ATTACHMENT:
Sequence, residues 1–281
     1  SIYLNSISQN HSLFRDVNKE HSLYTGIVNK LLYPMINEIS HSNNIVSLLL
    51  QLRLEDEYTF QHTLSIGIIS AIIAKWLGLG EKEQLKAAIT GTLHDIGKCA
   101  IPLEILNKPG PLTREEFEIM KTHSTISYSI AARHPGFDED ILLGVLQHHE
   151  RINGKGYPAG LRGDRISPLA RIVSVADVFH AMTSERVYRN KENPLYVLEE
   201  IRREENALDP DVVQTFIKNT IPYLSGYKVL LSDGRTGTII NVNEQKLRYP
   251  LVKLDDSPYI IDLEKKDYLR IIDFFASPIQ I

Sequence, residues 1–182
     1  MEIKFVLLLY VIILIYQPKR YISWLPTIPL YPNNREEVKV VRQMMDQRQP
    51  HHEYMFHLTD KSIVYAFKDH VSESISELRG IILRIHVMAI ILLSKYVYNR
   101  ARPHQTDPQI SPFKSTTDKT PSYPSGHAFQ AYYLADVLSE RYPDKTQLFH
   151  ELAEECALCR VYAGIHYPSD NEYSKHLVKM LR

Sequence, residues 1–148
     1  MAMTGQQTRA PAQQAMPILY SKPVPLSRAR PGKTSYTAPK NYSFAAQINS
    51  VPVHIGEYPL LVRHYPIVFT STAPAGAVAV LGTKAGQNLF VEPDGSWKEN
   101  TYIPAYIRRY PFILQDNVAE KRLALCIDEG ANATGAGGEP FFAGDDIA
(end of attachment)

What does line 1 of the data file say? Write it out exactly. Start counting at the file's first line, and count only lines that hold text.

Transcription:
Sequence, residues 1–281